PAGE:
FL Tips - a list of useful techniques and other things I've found to be useful while working in FL

tahutoa

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#1
And now,
:gwdancing: Useful FL tips! :gwdancing:
Disclaimer: most people who do music on this forum prolly know a lot of this shit already, but these little bits of knowledge have just been so goddamn useful, and keeping a log in case of disapparation can only benefit people. Keep in mind, all this stuff I figured out how to do on my own because I don't retain anything from actual tutorials, hardly.
  • Sept. 2017 : Put Fruity Free Filter (set to Peaking at ~4500-5000 freq.) on WL4 sf for higher sound quality.
  • Somewhere in 2018 : Fruity Free Filter's "Q" and "Freq." can be used in conjunction to back an instrument up with extra sounds; works best with low-pass filter in my experience; can sound really cool when used in conjunction with Fruity Reverb 2 (possibly 1 as well).
  • Putting decay time to low settings and increasing the initial delay on Fruity Reverb to around 75 ms can be used to sort of recreate the Mega Man X SNESVerb.
  • Oct. 2018 : Putting "Dry" to 0% and "Phase" to the full 360 on Fruity Flanger gets rid of the dumbass chorus effect.
  • Week of Nov. 12 : Use "Release time (under Plugin)" and "Gate (FUNC. under Time)" together-- can and will really help you out, especially when making 8-bit stuff. Release Time works like a sort of fadeout thing that starts as soon as the sound block reaches its end, and Gate cuts a sound off early (how soon is determined by the time you set it to).
    • Used in conjunction, they can give any instrument a pseudo piano effect, which is very useful if you're using a 'goes on forever' type instrument but don't want it to last the entire note length or cut off abruptly.
    • Also, for instruments with a set release time, you can overwrite it and put it to the lowest setting of 15 to make it work like your average 50% pulse.
  • Set "Attack time (under Plugin)" to somewhere around 0:12-0:15 to recreate the effect seen in Slow Strings.
    • Conversely, you can set it to 15 (like with Release) to lessen a Slow String effect (you'll have to go into the Edit Events thing and set it to 1 manually to really get rid of it, as far as being able to actually tell goes, but keep in mind I usually hate the Slow String effect anyway so I wouldn't be using instruments with it, it's just too much hassle).
  • Nov. 15 : Put low-pass filter (~1192 freq.) on Wildflower Reed to make it sound like a Bassoon/Oboe; adjust Q as needed but keep it at somewhere 'round 4-7 notches to keep your audio from peaking too much.
  • Nov. 16 : put an arpeggiator on a 32767-bit noise channel to make creating higher quality 8-bit drum sounds that much easier.
    • Editing the Time Gate for said arpeggiator is also useful for creating different sounding arpeggios, be they smoother or rougher.
    • Setting the arpeggiator to Slide can kind of recreate a distortion-type effect, as shitty as it'll sound for some notes. This one'll probably only work for HQ 8-bit instruments, though.
 

tahutoa

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#2
I'll add to this as I learn new stuff. Hopefully in the event that I DO remember I'll be un-lazy enough to actually put in on here (and log the time at which I learned it).
 

tahutoa

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#3
here's one thing: if you don't have any ambient background sounds, specifically the kinds featured a lot in MediEvil that are kind of hard to put a name to, the Ocarina of Time soundfont has you covered. Some of them even sound like the ones from MediEvil. creepy and ominous for some, high-ish sounding 'steam hiss' type pad presets, that sort of thing.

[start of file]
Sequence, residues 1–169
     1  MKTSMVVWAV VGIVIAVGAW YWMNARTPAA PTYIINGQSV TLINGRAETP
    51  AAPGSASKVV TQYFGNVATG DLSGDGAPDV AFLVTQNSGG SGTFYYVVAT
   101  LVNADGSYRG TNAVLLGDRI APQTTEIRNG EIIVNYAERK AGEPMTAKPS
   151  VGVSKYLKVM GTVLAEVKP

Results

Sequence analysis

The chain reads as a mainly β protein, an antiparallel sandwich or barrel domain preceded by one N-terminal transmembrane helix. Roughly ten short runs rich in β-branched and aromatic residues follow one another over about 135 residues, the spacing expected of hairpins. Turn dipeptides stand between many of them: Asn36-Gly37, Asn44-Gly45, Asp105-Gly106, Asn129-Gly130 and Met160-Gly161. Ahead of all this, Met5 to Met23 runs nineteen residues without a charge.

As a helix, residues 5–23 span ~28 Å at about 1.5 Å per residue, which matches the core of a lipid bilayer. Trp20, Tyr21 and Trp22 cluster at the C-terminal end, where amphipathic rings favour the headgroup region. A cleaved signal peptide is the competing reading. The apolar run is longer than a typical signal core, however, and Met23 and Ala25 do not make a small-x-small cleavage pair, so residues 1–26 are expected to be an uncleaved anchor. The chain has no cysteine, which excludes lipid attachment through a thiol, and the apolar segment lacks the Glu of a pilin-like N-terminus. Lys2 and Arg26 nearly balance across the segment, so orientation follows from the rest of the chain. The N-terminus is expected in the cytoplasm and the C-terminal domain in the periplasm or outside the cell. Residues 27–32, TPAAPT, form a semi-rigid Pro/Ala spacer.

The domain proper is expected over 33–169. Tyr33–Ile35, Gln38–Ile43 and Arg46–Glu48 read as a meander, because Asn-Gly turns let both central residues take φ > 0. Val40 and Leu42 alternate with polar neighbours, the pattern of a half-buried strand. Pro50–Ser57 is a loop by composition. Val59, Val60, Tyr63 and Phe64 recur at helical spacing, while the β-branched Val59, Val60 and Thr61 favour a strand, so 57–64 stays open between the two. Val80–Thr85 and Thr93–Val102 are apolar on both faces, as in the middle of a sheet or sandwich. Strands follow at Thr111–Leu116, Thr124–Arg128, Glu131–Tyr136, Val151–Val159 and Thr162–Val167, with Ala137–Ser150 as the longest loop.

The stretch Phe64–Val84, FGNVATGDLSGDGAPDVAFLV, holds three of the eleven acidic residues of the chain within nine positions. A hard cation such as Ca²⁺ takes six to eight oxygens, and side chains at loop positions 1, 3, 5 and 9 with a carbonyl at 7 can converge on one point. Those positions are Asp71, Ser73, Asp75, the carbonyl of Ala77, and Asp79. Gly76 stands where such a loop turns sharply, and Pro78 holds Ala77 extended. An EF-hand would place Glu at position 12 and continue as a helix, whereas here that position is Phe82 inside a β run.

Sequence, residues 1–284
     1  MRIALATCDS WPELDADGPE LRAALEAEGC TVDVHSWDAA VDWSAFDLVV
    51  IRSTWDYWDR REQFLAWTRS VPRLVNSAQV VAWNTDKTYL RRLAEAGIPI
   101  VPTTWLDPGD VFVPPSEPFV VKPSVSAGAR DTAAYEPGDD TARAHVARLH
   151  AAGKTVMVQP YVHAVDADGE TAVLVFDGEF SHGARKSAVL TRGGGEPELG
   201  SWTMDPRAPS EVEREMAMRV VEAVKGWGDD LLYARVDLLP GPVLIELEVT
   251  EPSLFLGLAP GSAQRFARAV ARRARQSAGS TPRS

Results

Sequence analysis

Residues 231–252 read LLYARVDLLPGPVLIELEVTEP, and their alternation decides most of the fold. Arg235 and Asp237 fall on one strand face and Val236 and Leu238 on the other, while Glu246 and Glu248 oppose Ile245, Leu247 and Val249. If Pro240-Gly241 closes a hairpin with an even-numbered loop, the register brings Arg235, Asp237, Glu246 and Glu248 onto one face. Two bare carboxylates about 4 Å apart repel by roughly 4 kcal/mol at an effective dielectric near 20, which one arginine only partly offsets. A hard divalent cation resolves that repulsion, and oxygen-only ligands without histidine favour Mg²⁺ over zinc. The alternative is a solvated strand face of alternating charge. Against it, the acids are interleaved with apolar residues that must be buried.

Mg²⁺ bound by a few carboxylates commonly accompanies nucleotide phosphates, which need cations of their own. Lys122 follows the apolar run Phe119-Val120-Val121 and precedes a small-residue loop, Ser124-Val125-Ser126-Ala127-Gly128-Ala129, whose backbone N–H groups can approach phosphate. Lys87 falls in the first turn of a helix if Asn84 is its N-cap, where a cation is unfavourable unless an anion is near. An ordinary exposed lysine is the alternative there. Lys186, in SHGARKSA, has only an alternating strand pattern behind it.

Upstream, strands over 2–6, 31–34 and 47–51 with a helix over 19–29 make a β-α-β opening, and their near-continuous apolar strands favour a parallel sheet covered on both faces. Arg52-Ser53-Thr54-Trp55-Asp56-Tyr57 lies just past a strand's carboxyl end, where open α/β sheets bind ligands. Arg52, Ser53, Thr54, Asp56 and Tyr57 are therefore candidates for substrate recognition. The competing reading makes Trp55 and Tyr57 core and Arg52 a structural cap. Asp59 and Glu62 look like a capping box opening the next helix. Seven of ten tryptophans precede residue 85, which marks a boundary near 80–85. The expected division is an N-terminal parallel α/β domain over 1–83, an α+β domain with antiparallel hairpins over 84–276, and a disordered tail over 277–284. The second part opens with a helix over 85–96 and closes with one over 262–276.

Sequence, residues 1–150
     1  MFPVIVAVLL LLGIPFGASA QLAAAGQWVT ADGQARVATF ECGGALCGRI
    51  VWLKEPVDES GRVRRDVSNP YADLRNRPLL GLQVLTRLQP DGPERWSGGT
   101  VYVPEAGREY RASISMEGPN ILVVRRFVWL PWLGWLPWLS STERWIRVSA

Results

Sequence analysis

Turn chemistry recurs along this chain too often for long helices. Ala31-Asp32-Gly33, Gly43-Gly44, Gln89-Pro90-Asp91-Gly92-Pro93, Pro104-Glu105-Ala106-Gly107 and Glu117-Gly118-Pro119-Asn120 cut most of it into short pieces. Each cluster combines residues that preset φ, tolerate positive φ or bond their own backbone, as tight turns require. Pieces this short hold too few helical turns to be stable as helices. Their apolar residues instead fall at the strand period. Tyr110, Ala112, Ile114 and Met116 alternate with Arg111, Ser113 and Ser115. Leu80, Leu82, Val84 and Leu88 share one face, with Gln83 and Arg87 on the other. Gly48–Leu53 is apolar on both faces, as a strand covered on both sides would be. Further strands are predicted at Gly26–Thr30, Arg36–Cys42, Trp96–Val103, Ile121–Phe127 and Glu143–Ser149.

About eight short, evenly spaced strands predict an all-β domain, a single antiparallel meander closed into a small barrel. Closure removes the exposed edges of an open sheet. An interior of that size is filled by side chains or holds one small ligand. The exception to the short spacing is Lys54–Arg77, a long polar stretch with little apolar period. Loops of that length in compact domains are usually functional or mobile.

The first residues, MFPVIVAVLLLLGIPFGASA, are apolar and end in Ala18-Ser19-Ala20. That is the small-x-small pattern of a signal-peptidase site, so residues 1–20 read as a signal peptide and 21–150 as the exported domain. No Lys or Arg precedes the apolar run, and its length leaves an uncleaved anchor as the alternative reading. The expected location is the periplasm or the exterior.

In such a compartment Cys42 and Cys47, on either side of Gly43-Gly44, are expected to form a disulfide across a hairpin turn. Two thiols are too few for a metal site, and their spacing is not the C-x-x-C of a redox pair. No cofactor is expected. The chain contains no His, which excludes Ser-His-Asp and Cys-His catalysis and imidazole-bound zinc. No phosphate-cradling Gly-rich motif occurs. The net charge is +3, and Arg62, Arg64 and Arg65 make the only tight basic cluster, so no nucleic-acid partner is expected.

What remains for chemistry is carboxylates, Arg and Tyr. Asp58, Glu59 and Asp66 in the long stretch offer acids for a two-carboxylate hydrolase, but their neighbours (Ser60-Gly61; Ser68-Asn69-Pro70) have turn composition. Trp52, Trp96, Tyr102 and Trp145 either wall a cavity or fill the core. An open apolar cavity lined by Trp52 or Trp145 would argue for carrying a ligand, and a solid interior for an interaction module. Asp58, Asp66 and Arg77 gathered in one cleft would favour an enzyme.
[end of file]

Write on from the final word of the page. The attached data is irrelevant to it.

tahutoa

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#4
The shift & drag ability for the pencil tool that lets you shrink or expand a plethora of notes to whatever % their original size also adheres to the Snap-To Grid (edit: in theory. To some degree, possibly.) If you find that you can't quite hit that perfect 50% or 200%, try switching your Snap-To to other settings.
  • It can also help to (temporarily) change the length of your last note before using shift-drag so it will line up with the end of that measure/beginning of the next measure. In my experience you're much more likely to get your desired even percentage that way. I haven't yet found a reason to shrink anything to 67% or expand to 134% yet, however, so this might not be universal.
  • This is just personal preference, but I find 1/6 Grid to be more versatile (for obvious reasons), and in situations like this, use it for finer percentages, I'd say, as it's less likely to give you even percentages in tight spots (as I found out today, just before typing this). When operating in close quarters, I recommend 1/4 Grid, as it can give you a nice even 50% even if your selection's all within the confines of a single block :O!!!
Edit: Okay, take my theory with a grain of salt, because apparently it also matters where on the note you're grabbing it from, possibly more so than anything else, as I've just discovered from tabbing over and starting work again.

I suppose I should've ran more tests before publishing my theory, but I've always been more of a Math guy than a Science cat, and as history's shown, this ain't anything new. I've written more than one model in my notes, on how to solve certain type of problems based on one experience that then immediately doesn't fucking work on the next problem. I've always been a learn-by-doing sort of person (which would explain why I bombed piano), and those Eureka moments always gave me such a high that I'd never stop to question them. During this time period I mentioned, I would skim through Algebra I lessons like a douche and miss a bunch of shit, and my brother's been following my footsteps on that path (he's ignored my warnings just like I ignored my mother's, but he's the resident immovable object around here-- nothing short of being held at gunpoint will get him to budge on a position), so it'll probably take a goddamn earthquake of a math-related failure before he'll learn). I dunno if I was even on Adderall yet, but fuck me was I getting on it after that semester.